Women have made incredible leaps and bounds in STEMM and other male-dominated industries, but one age-old challenge is still at the forefront: overcoming gender bias.
Parisa Safari Nejad is familiar with this challenge, and she’s tackled it head on, building a successful career in IT and growing into leadership. She’s currently the Asia Pacific, Japan, and China Escalations and Support Product Specialists Manager at Cisco Meraki!
In her role, she’s responsible for managing a team of highly talented engineers who work on escalated support cases and reported bugs.
When describing her journey to leadership and developing technical expertise, Parisa says:
“I started as a junior engineer, gradually progressing as a senior engineer and then a subject matter expert, before moving into service and operational management and people leadership. I joined Meraki as a support manager and moved to my current role about eight months ago.”
When asked which moment made her realize she made the right decision to work at Meraki, it was hard for her to choose just one!
“I knew it was a special company from the interview process, actually. It was such a thorough, enjoyable experience! I felt like I was able to learn as much about the company as they were keen to learn about me. Everyone I spoke with took their time to get to know me.”
From this first, unique experience with the company, things have only got better.
“Looking back, having been with Meraki for two and a half years, I admire how we responded to the COVID-19 pandemic across the globe. The people I worked with ‘walked the talk’ during those first months of lockdowns. They cared for every employee and worked hard to maintain our positive company culture.”
How can women tackle gender bias in the industry?
Parisa is familiar with how gender perceptions can still affect women in tech.
“As a Middle Eastern woman in IT, my biggest challenge has always been the need to continually prove myself. It’s never quite enough for me to be great at what I do. I must be the best and prove it to others, just to be taken seriously!”
She provides a glimpse of this incredible grit and the high standards she’s maintained over the years by reflecting on what she’d say to her younger self.
“My high-school self would probably be disappointed I haven’t won a Nobel Prize yet (you’d think I’m kidding, but I’m not). My response to her would be, ‘You do not need to be number one, and you do not owe it to the world to prove your worth! Your happiness is far more important than what others see or fail to see in you.’”
But Parisa considers joining Meraki to be her greatest reward for not giving up and playing an important role in helping her overcome this challenge.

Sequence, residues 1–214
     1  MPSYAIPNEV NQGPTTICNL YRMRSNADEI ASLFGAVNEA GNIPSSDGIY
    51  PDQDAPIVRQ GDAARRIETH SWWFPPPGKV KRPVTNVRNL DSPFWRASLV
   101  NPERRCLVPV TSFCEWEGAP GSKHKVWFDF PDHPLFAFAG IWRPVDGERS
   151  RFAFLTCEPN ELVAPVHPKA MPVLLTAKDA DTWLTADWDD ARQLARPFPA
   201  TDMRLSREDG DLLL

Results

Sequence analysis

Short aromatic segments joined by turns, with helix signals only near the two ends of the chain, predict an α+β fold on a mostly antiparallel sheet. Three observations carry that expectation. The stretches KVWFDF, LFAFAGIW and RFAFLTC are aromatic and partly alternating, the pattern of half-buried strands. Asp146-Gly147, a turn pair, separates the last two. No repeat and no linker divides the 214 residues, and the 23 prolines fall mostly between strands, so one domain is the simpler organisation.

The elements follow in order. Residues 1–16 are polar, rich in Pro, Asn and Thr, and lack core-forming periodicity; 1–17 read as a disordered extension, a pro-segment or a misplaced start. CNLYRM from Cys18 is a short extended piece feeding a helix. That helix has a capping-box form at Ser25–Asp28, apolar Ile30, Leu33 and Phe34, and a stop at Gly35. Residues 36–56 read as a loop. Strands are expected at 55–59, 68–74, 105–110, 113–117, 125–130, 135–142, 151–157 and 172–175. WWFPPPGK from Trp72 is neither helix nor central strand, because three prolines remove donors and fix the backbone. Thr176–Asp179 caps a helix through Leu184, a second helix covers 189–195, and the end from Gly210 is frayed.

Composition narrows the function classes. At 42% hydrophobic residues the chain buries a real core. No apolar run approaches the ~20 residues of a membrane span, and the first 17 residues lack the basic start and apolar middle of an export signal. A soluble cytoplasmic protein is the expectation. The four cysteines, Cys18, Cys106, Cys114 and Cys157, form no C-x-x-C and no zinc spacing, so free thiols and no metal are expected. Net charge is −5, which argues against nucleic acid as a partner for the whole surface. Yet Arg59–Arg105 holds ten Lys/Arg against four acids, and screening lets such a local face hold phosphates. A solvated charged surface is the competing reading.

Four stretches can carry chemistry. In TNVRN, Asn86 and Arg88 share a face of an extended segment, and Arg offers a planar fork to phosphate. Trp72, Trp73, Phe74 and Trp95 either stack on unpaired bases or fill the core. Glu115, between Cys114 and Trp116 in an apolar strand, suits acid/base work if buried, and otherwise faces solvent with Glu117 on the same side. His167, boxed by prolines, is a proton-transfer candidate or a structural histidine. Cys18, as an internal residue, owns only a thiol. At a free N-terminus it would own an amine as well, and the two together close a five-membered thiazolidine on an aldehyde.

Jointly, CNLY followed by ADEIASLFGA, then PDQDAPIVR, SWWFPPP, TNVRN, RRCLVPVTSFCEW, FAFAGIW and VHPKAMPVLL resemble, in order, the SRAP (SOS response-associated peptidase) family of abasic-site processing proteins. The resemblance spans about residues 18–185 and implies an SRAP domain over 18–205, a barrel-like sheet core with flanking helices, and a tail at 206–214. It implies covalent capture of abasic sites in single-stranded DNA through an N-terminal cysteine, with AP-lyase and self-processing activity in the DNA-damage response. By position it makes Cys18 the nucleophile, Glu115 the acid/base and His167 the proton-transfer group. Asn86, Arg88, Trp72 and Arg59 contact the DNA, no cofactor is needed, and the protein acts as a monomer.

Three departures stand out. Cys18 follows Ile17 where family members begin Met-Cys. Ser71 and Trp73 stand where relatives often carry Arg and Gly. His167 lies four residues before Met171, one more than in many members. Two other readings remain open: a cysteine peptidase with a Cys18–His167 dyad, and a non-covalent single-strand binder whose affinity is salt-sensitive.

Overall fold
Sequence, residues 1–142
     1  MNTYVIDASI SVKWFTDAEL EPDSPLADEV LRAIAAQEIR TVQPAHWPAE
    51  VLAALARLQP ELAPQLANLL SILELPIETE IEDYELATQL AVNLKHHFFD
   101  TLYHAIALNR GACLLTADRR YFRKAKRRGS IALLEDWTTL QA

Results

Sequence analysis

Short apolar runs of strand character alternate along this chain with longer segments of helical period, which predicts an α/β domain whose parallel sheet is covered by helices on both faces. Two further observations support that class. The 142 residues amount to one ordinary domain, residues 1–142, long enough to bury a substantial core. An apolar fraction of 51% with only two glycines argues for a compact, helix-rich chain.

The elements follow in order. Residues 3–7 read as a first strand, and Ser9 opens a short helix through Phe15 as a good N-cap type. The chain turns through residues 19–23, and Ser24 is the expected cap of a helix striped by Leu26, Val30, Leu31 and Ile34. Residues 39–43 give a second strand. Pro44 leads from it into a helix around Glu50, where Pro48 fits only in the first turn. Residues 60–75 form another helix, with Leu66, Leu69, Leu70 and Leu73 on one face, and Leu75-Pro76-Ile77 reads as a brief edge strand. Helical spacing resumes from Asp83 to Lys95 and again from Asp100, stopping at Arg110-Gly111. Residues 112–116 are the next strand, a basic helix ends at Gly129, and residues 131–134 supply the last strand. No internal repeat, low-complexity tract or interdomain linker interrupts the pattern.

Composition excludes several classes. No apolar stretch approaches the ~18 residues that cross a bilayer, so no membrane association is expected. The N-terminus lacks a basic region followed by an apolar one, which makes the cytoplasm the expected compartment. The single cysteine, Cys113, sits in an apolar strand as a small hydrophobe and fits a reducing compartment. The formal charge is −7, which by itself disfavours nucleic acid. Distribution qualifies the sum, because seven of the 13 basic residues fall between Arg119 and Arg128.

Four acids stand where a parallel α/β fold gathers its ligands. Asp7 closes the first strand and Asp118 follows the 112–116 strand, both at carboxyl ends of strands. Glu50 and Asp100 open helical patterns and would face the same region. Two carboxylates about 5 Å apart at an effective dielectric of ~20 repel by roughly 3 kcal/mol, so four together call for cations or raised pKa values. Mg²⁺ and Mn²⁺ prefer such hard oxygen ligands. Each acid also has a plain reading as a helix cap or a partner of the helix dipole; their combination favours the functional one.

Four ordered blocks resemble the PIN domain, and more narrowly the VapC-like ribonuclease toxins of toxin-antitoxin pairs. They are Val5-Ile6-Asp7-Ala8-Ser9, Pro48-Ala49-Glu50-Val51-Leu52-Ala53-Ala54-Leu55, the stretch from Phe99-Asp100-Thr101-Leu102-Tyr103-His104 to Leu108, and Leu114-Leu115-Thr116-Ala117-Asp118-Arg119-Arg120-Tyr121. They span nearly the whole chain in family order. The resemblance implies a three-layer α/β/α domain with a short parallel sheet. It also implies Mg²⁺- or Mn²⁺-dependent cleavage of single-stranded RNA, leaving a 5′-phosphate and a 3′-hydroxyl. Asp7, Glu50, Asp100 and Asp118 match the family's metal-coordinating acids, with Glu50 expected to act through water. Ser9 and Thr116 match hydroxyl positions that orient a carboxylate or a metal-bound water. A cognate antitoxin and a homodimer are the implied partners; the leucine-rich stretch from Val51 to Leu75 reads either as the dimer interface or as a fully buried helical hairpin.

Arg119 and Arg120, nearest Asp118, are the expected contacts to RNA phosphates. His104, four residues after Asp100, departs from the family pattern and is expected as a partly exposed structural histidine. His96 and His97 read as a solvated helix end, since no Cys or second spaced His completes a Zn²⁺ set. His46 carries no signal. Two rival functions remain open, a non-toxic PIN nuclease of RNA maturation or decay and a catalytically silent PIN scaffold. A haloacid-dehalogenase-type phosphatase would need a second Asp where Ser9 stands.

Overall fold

“This is the first workplace where I truly feel I can let my guard down. I feel like I’m taken seriously without needing to fight for it. I’m also inspired and motivated to play a part in shifting the power balance.”
So, for other women in tech, take it from Parisa. Persevere, do your best, and find a supportive company culture – it will go a long way to help you achieve your career goals.
“Ignore the judgment. Focus on your own path!”
Leadership vs stewardship
“During my earlier years in the industry, I remember the struggles I had to go through, how I felt, and what I needed from my leaders.”
In the same way pressure creates diamonds, the struggles Parisa faced early in her career have shaped her leadership style into something truly genuine and empathetic.
“My view is that a leader should be the steward of the team, serving them and ensuring everyone is seen, heard, understood, valued, and supported. In this sense, I prefer the term stewardship more than leadership.”
“My team is extremely talented and knowledgeable, so my job is to ensure they have what they need to focus on what they do best.”
Diversity is proven to increase performance in a team, and diverse leadership is no exception. According to Parisa, without diverse leadership, maintaining diversity and inclusion across all levels of an organization becomes difficult.
“Representation in leadership makes it possible for many underrepresented groups in a company to feel they belong and have a chance to grow to their full potential. By having a diverse range of leaders, companies can also ensure that a diverse range of employees are thought of and cared for when decisions are made.”
How do you find the right balance?
Throughout her journey, Parisa is proud to have developed critical skills in her careers, such as communication, flexibility, and advanced problem-solving. Her work goal, at this stage, is to continue learning and growing.
Having achieved so much professionally, she’s happy to have struck the right balance between work and life.
“I have a very active social life. I always plan my weekends to ensure I spend time with my friends and do things I enjoy the most: reading, playing board games, camping, and watching movies. The support at Meraki gives you the freedom and flexibility to enjoy life and work.”
What other takeaways can support and motivate women in tech?
While success has a different meaning to everyone, Parisa believes what matters most is taking the right steps toward the mental image you have of your ideal self.
“As long as you’re taking those steps, that’s all that matters. Your mental image may change over time, and that’s absolutely okay. You might not always proceed to the next step immediately, and that’s okay too! As long as you’re moving forward towards that image, that’s what counts.”
Parisa is building on this wisdom by helping others do the same. Her aim is to support people to see their value and get one step closer to who they deserve to be.
“I’d love to be remembered as a leader who cared, because I truly do!”